A large wildfire fanned by strong winds burned tracts of pine forest on the Greek island of Evia, firefighters said on Tuesday, with evacuation ordered of two villages in the path of the flames.
Wildfires raged uncontrolled in at least four other Greek regions, and the fire brigade said it had been called to put out 182 fires in the last three days.
A burnt swing hangs in a playground following a wildfire at the village of Mati, near Athens, July 25, 2018. A year since Greece's deadliest wildfire tore through coastal towns near Athens, killing 102 people, the road to normalcy for its survivors is long and dotted with burned down homes and barren land. [Reuters]
A year since Greece's deadliest wildfire tore through coastal towns near Athens, killing 102 people, the road to normalcy for its survivors is long and dotted with burned down homes and barren land.
On the side of one street, a giant white cross rises among black and wilting pine trees. "In memoriam 23-7-18," it reads.
Government spokesman Stelios Petsas has confirmed a series of measure to help people who suffered injuries and lost their homes in last summer's deadly wildfires in east Attica, confirming pledges made on Monday by Prime Minister Kyriakos Mitsotakis, who attended a memorial service in the seaside town of Mati on Tuesday, the anniversary of the event.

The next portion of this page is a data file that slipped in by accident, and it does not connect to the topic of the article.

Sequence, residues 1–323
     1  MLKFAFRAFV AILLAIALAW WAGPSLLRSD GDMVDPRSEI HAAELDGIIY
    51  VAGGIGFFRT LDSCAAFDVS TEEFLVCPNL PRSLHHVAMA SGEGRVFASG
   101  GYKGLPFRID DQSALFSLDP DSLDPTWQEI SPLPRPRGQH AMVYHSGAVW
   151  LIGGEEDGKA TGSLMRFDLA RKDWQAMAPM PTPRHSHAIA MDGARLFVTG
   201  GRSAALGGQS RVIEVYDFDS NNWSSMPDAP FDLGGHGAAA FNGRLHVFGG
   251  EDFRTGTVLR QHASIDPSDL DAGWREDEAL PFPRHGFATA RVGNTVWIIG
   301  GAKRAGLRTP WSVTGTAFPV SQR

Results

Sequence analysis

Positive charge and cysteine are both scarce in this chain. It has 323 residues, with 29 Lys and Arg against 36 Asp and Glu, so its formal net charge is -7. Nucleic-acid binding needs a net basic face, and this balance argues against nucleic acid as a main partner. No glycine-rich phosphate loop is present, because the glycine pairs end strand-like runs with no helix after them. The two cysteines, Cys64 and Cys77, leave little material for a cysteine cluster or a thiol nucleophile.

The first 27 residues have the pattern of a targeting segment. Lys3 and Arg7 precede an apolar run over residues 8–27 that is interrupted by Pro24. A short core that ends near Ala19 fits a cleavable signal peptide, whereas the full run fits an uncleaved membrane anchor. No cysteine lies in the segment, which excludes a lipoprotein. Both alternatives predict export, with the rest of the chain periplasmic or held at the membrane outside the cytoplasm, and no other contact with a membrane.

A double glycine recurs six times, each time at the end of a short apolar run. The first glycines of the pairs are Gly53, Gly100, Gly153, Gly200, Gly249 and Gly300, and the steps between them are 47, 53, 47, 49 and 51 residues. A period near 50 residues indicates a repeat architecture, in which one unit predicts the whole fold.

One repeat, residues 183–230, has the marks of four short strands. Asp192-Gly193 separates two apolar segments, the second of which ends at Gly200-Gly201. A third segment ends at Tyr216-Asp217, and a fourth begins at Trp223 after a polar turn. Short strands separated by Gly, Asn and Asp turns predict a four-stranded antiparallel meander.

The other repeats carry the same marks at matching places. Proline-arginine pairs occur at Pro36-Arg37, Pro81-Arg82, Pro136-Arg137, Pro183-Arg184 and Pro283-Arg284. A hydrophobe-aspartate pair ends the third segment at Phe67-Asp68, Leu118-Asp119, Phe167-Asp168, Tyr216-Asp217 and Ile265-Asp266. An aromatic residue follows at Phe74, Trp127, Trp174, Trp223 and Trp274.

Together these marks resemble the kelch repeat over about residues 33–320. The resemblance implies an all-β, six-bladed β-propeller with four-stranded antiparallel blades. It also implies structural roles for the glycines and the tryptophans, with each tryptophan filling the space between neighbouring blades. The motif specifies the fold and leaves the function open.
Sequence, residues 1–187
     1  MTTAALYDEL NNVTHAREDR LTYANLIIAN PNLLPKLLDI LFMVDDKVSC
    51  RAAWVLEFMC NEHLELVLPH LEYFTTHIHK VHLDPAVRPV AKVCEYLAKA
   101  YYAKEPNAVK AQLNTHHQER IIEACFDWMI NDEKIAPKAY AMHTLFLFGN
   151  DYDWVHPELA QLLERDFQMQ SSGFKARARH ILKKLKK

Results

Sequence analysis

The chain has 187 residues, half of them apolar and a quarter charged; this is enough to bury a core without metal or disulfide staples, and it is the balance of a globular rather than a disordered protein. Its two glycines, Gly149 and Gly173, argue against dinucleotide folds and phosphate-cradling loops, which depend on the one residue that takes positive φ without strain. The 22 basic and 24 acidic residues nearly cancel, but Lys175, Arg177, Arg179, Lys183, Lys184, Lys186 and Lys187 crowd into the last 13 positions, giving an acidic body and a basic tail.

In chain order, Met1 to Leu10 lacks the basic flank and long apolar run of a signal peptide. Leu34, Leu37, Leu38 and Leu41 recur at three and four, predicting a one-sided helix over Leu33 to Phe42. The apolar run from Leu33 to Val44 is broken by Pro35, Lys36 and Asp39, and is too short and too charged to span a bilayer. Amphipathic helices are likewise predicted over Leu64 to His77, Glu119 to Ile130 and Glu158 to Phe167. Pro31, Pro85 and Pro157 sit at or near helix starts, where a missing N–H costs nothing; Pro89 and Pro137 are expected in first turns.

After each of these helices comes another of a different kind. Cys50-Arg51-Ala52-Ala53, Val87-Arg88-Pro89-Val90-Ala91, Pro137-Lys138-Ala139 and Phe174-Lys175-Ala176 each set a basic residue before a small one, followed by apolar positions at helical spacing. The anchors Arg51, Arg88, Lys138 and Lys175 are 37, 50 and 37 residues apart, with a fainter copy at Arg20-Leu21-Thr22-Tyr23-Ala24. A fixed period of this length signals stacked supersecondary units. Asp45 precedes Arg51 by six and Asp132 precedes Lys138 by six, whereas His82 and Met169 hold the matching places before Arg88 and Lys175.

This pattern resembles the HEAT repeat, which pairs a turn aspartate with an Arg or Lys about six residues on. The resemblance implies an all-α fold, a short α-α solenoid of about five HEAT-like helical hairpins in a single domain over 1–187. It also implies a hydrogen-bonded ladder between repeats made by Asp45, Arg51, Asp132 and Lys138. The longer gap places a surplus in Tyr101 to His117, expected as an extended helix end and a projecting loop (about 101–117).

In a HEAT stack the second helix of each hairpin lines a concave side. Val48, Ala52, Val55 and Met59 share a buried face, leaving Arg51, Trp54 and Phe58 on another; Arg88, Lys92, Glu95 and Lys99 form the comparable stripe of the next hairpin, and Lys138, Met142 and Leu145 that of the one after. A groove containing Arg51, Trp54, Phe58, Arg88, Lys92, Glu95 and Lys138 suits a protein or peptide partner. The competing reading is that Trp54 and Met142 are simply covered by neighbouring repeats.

Prime Minister Kyriakos Mitsotakis was in the seaside town of Mati on Tuesday for a commemoration of last summer's deadly eastern Attica wildfires, which claimed 102 lives and caused widespread destruction.
Mitsotakis and other officials will also attend a religious service that will be held at 9.30 a.m. at the Church of the Dormition of the Virgin (Koimisis tis Theotokou).
The wounds from last summer's deadly wildfires in eastern Attica are still very fresh. We can still hear the echoes of ministers' promises to bring out the demolition crews to tear down illegal structures on the country's coasts like those that contributed to the loss of life in the seaside town of Mati.